A brief ceremony was held on Memorial Day 2003 to commemorate the placement of grave stones at the Grave Sites of two Unknown Soldiers from the War of 1812.
Our Thanks to:
Tom Schepp, Michael Small and David Zinger
Newell-Fay Funeral Home in Manlius
for underwriting the cost for
preparation and placement of the stones.
The Christ Church Cemetery in Manlius contains grave sites of two unknown soldiers who died during the War of 1812. These grave sites were unmarked for some time. This has been addressed with the placement of a grave stone at each site.
Research by Kathleen J. Crowell and town historian Barbara S. Rivette has not revealed the identity of the two soldiers. However, it is known that both died during the War of 1812 and both were members of the 23rd Regiment, U.S. Infantry.
The 23rd Regiment of Infantry was authorized by Congress on June 26th, 1812. It was a New York Regiment originally authorized to recruit in northern New York as well as in Vermont. The regiment was present at the following battles and engagements in New York and Canada:
Queenston Heights, October 13, 1812
Detachment opposite Black Rock, NY November 28, 1812
Ft. George, Upper Canada, May 27, 1813
Stony Point and Sacketts Harbor, NY, May 29, 1813
Stoney Creek, Upper Canada, June 5-6, 1813
Beaver Creek, Upper Canada, June 24, 1813
Detachment at La Colle Mill, Lower Canada, March 30, 1814
Ft. Erie, Upper Canada, July 3, 1814
Lundy's Lane, Upper Canada, July 25, 1814
Ft. Erie, Upper Canada, August 1-31, 1814 and September 17, 1814.
The dates of death of April 1813 and October 1813 of the unknown soldiers is probably close to the time of burial. It is clear that they were not engaged on the battlefront at the time of their death and may have died from disease somewhere near, or in, Manlius. Although Manlius Village is not known to have had a military hospital, there is fragmentary evidence that troops did pass through Manlius during the War. Many decades after the War, Orson Smith of Fayetteville wrote that he witnessed Winfield Scott's men go through Chittenango late in November 1813 and that the soldiers stayed overnight in Manlius. And on January 4, 1814, in one of the few remaining copies of "The Manlius Times," editor Leonard Kellogg noted that "a large number of sleighs and wagons loaded with arms and ammunition have passed through this village yesterday and today for the frontiers."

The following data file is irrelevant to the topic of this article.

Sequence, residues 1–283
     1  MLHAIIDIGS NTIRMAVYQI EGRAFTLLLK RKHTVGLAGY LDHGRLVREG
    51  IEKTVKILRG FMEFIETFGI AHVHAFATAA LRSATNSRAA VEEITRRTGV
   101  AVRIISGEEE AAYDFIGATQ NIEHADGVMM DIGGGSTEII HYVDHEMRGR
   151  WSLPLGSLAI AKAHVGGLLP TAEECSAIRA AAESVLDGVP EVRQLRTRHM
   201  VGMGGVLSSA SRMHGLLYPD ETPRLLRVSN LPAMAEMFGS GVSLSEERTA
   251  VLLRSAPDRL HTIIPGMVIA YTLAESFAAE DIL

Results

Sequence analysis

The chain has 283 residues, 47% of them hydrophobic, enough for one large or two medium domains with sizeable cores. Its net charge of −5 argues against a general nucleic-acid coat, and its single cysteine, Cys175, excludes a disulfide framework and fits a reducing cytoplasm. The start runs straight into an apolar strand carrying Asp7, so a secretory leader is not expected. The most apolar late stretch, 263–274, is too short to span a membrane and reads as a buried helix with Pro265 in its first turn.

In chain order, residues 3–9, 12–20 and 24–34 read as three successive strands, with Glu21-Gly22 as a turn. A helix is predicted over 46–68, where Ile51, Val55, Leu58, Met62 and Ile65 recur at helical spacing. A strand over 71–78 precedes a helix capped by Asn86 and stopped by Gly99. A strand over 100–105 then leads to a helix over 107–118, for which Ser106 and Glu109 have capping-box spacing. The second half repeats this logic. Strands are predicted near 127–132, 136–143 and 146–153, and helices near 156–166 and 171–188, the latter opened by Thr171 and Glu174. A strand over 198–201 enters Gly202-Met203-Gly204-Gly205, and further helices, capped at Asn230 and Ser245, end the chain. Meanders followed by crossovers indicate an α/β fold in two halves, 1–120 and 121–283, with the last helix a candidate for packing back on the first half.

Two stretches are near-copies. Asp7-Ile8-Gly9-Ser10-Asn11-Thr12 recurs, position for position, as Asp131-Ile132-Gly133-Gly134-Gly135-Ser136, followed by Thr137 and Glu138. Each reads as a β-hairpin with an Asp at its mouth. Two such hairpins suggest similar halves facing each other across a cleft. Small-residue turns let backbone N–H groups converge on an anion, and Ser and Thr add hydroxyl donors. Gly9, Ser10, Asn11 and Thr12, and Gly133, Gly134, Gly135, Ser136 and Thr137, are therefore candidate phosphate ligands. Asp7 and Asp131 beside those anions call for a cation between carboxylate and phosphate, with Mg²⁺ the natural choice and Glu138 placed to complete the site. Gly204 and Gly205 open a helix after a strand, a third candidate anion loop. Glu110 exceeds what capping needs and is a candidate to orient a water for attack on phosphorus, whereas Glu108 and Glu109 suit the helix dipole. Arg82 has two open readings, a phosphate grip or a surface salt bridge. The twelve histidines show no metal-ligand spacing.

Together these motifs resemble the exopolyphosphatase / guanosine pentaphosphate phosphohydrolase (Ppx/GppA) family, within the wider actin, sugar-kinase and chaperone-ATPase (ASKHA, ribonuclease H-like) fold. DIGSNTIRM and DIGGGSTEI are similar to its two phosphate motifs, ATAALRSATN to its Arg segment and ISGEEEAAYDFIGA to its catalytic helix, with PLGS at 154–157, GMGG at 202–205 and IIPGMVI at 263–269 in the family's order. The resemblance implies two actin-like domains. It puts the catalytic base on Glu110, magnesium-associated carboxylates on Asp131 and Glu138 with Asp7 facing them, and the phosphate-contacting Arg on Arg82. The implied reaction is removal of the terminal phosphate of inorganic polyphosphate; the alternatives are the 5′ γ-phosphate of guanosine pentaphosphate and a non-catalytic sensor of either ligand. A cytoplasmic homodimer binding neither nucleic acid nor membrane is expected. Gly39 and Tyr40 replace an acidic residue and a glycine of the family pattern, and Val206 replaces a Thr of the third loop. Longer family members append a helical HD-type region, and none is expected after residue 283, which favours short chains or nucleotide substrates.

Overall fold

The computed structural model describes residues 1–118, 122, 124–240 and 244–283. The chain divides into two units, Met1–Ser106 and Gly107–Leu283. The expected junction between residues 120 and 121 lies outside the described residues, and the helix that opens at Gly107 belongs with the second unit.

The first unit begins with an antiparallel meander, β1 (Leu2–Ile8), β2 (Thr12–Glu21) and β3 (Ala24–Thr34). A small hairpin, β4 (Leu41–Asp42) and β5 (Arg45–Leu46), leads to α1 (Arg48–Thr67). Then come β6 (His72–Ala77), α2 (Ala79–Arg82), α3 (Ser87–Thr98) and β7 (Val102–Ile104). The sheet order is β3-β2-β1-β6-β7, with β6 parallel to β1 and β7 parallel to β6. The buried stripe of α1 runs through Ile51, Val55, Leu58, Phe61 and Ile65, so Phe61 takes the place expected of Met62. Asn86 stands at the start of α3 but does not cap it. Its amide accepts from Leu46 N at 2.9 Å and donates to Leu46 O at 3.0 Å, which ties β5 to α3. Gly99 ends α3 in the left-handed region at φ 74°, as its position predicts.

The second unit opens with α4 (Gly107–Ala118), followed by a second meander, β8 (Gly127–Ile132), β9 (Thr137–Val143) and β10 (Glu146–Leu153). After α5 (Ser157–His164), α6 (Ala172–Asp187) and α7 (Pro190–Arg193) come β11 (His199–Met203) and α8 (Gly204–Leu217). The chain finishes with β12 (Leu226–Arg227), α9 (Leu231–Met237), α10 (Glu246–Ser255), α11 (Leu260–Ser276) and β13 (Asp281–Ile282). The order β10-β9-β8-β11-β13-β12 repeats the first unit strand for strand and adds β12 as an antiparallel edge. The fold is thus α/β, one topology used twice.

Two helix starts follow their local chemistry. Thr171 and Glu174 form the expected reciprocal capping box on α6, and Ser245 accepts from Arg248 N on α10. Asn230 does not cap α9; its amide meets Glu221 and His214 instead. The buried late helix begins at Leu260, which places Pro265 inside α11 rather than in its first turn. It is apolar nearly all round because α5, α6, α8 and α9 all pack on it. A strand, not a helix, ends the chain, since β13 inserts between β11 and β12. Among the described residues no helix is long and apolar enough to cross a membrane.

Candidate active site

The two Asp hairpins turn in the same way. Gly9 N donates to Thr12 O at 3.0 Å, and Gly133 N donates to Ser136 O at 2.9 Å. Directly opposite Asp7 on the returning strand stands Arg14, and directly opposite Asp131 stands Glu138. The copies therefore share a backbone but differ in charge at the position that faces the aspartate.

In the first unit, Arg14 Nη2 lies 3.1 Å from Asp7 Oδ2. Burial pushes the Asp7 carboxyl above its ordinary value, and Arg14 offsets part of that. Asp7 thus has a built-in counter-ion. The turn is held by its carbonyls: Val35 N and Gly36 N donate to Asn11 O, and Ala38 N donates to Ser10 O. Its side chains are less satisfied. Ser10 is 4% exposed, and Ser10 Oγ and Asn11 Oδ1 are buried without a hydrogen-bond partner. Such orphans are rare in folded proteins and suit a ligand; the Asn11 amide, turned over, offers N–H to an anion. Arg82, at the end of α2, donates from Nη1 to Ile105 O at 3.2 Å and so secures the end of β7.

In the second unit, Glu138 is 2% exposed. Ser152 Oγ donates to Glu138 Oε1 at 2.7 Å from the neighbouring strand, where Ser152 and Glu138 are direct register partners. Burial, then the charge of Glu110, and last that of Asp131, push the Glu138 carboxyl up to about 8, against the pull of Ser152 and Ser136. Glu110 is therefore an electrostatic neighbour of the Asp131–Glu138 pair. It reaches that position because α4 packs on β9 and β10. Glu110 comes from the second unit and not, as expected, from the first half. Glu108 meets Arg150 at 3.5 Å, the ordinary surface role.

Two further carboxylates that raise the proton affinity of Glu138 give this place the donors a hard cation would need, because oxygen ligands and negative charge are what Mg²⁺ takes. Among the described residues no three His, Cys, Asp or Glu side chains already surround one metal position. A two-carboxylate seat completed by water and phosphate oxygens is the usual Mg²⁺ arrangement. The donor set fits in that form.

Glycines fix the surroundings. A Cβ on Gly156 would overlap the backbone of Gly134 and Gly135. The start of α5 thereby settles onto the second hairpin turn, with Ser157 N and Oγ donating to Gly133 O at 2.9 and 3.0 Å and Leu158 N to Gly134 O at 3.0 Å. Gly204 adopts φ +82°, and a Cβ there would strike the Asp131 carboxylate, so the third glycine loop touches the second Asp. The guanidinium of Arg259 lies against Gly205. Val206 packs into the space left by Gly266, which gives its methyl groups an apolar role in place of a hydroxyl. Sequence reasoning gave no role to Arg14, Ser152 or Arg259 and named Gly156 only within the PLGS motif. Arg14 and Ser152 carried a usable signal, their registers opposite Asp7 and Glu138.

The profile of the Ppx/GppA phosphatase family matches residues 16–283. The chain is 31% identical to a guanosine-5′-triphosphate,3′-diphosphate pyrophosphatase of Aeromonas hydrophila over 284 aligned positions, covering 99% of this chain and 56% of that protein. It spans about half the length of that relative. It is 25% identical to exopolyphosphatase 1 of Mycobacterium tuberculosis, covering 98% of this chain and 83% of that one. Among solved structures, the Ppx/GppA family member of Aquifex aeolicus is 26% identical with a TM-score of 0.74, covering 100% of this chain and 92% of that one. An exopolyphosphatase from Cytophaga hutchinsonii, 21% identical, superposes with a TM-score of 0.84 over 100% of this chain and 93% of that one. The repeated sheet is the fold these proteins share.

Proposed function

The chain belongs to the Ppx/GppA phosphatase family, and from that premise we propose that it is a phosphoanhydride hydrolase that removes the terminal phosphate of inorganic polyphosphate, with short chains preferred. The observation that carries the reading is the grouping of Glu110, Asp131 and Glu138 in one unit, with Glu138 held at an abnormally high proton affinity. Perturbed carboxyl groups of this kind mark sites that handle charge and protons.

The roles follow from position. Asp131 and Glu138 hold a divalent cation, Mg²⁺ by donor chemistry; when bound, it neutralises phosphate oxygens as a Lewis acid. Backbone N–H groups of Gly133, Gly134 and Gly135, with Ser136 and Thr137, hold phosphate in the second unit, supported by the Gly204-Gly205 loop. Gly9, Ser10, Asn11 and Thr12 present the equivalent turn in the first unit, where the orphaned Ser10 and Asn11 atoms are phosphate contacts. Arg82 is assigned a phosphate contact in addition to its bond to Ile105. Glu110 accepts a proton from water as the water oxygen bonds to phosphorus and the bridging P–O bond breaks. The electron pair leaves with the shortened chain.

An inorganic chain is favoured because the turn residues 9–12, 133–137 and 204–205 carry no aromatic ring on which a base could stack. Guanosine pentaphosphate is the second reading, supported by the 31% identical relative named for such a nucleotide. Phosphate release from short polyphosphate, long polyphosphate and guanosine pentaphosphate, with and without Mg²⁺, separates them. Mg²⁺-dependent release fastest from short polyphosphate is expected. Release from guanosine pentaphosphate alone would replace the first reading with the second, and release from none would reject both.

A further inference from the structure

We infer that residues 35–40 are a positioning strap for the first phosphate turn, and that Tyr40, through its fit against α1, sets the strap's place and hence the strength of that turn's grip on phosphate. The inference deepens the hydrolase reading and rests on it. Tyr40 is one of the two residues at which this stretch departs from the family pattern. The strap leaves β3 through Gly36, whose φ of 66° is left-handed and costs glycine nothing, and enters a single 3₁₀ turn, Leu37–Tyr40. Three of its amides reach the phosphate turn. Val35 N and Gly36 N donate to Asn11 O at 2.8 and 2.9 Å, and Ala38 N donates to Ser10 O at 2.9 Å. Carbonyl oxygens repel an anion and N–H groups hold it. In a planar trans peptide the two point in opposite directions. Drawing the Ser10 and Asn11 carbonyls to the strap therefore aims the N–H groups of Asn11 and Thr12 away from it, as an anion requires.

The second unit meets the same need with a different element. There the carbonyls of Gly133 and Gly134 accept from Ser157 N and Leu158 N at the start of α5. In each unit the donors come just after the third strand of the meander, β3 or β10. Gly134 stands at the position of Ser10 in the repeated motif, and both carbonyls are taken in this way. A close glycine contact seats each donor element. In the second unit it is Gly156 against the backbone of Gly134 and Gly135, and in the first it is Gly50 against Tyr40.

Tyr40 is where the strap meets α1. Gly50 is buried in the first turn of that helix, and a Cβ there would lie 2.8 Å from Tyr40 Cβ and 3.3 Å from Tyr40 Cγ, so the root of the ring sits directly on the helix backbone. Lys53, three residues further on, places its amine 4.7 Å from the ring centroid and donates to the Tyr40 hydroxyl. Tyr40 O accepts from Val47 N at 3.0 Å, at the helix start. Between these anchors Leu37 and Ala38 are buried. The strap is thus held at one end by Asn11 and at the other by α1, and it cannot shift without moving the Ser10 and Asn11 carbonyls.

The placement of the stones was commemorated by a brief ceremony presided over by Reverend James Corl.
A gun salute and taps were provided by the Town of Manlius VFW Post 7872 Color Guard. Color Guard team members were Charles Chapman, Dan Delaney - Senior Vice Commander of the Post; Dan's brother, Jim Delaney, and Frank Hrynio. Taps was played by Jamie McGill. The Color Guard also serves with the Village of Fayetteville American Legion Post 369.
Placement of the stones is part of an ongoing program to complete the restoration of Christ Church Cemetery. This effort supplements the annual maintenance provided by Christ Church and has been inspired, in part, by the extensive research done regarding the biographical history of the 105 veterans interred there. This research is embodied in a work entitled "A Military Tour of Christ Church Cemetery" by Kathleen Crowell which is available at our local libraries and on the internet. Many veterans of the Revolutionary War, War of 1812, the Civil War, World War I and World War II are interred at Christ Church Cemetery.
In the fall of 2002, parishioner Chris Whyte completed the placement of markers corresponding to the Military Tour at each of the military grave sites. This effort was part of his Eagle project as a member of Fayetteville Scout Troop 152.
Christ Church Cemetery was vandalized on October 17, 1991, during which approximately 100 tombstones, large and small, were toppled. Winds in excess of 100 m.p.h. did additional damage on Labor Day, 1998. Christ Church is endeavoring to repair this situation. Anyone interested in participating in the restoration effort can inquire during business hours at Christ Church (682-5795) or mail contributions payable to the Christ Church Cemetery Restoration Fund, c/o Christ Church, P.O. Box 164, Manlius, New York 13104.